Come see how this open source / commercial product can change the way you think about building software.
There is a shift going on in the Enterprise. While still used and useful, the promises of the SOAP/WSDL/UDDI Service-Oriented Architecture (SOA) stack have failed to live up to their promise. A new vision of linked information is enveloping online and Enterprise users. The REST architectural style is squarely behind this thinking as a way of achieving low-cost, flexible integration, increased data security, greater scalability and long-term migration strategies.
If you have dismissed REST as a toy or are unfamiliar with it, you owe it to yourself to see what is so interesting about this way of doing things.
Venkat Subramaniam - Founder of Agile Developer, Inc.
Annotation is an interesting feature in Java. However, like any features, there are good uses and bad uses. When should you use Annotation? This presentation will answer that question for you.
Domain Driven Design (DDD) is an approach that places emphasis on the domain model and carrying it into implementation. DDD is mostly repackaging of fundamental OO Design. It brings new emphasis to what we should be already doing, but often find it hard and confusing given the realities and complexities of our real world. In this presentation we will take a close look at what DDD is and how to use it for agile development. We will discuss several design options, and also look at some examples of good modeling and layering.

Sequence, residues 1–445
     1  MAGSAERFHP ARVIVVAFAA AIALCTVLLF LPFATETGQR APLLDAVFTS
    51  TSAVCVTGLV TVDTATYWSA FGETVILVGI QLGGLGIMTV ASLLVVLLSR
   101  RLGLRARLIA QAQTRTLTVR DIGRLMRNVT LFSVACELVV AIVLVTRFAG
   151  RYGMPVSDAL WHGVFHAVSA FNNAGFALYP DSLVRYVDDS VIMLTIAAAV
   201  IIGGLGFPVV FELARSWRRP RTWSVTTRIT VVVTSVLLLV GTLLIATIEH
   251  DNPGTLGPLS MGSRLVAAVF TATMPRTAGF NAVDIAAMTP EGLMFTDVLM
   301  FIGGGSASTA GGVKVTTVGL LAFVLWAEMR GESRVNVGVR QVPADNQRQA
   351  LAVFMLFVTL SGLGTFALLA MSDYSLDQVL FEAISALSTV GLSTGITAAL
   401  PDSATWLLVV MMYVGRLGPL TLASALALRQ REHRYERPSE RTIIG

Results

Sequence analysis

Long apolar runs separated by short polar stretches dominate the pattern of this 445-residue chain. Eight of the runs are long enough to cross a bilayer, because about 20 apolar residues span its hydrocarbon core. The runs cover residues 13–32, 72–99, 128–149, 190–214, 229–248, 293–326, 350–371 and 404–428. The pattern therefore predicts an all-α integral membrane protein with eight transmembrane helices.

Rule based programming allows us to develop applications using declarative rules. These can simplify development in applications where such rules based knowledge is used for decision making.
In this presentation we will introduce OSGi and discuss how it can help modularize and version your enterprise Java applications.
What do you get when you mix an agile, object-oriented, dynamic language with a lightweight, flexible, and extensible framework? You get a Groovier Spring. Spring allows you to develop using Groovy as much as Java. Groovy brings some neat concepts to the Java Platform that is hard to realize directly through the Java language. Using these capabilities can lead to elegant and easier Spring development.
Mark Volkmann - Software Consultant and Partner at OCI
Developing applications entirely in Ruby isn't always practical. It may be desirable to utilize existing code written in other languages. Also, implementing some functionality in Ruby may not yield sufficient performance. When these situations arise, Ruby can invoke code written in Java or C.
The easiest way to invoke Java code from Ruby is to use JRuby (http://jruby.codehaus.org/). JRuby is maturing rapidly now that Sun is financing much of its development.
C code can be invoked from Ruby by using wrapper code that is generated using SWIG (http://www.swig.org/) or written manually.